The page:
The combination of technical changes with institutional and policy reforms have largely been responsible for the success of reform programmes in irrigation. The examples of the State of Victoria, Australia (box 7) and of the Office du Niger, Mali (box 8) demonstrate that investments in irrigated agriculture can again be worthwhile. The key conditions are a better understanding of the importance of technology in combination with management reforms, the adoption of improved technology and the greater awareness that some action needs to be taken to sustain food supplies.
Box 6: The technical and political reform processes in the State of Victoria, Australia
Irrigation enterprises of low profitability, aging infrastructure, large public debt and environmental degradation through salinity and waterlogging were common in Victoria State, Australia in the early 1980s. Operation of the complex irrigation channel systems was inflexible and highly reactive. Operation of the irrigation systems was driven from the headworks down. Renewing infrastructure provided the opportunity to redesign the system to create much more effective water delivery systems. The first step taken was to fundamentally change the approach to managing the irrigation systems with the objectives of reducing the costs of delivering services and of building a base with new technology to allow more sophisticated water services and tariff arrangements. Instead of merely replacing the existing infrastructure, careful analyses of the system revealed opportunities to create better, more effective irrigation systems. The roster system requiring the irrigators to take water on a fixed schedule was converted into a water-on-order system allowing the farmers to better meet the needs of their crops, make more efficient use of water and reduce pumping costs. A telemetry system combined with Supervisory Control and Data Acquisition (SCADA) provides real operation of flows and water levels.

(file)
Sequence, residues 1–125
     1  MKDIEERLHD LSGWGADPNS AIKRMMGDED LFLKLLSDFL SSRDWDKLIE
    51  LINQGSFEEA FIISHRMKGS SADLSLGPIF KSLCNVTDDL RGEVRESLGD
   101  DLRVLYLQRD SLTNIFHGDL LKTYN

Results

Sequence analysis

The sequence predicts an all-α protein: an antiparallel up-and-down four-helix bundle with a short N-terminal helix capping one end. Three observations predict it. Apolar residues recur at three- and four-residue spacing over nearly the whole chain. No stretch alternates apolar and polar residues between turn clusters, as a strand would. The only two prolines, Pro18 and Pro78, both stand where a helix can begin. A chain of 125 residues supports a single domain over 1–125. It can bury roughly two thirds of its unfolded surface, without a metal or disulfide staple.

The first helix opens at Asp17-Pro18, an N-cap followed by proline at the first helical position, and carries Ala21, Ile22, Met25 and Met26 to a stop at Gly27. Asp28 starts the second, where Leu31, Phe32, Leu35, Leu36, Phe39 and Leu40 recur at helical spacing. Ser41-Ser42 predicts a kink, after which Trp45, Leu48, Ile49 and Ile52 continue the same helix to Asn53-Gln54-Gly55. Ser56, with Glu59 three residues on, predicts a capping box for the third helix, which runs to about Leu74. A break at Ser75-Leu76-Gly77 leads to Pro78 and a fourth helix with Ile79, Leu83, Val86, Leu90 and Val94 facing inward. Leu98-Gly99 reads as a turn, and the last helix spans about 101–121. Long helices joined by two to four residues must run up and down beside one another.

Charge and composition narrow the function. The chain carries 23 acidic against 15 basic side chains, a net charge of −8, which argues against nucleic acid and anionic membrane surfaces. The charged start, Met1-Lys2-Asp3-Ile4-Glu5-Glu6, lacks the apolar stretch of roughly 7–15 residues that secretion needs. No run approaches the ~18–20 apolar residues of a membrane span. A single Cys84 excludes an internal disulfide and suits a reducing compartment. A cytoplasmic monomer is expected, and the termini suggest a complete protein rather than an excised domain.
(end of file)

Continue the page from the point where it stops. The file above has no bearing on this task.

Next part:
The new system was a significant step in the development of irrigation in Victoria. The new system allowed leasing of water rights, diversion licenses, and sale entitlements between established farms within certain conditions. The shortfall of revenues was considerably reduced (Langford et al., 1999).
Box 7: Restructuring of the Office du Niger, Mali, West Africa.
The Office du Niger in Mali was seen for many years as a heavy financial burden. It is now seen as a success story. The Office du Niger was created in the early 1930s to reduce the dependence of France on imported cotton from the British Colonies. The project was managed by a parastatal organization, following the model of the Gezira project in Sudan. The 25 000 farmers resettled by force and deportation were seen as agricultural workers. In the 1950s cultivation of cotton was abandoned because of rapid development of waterlogging conditions, a major contrast with the heavy soils of the Gezira project highly suitable to cotton cultivation. The restructuring of the Office du Niger focused on both institutional and technical aspects. The paddy rice processing and commercialization functions of the Office du Niger were progressively privatized. The activities of the Office are now concentrated around its essential functions of water services, planning and maintenance.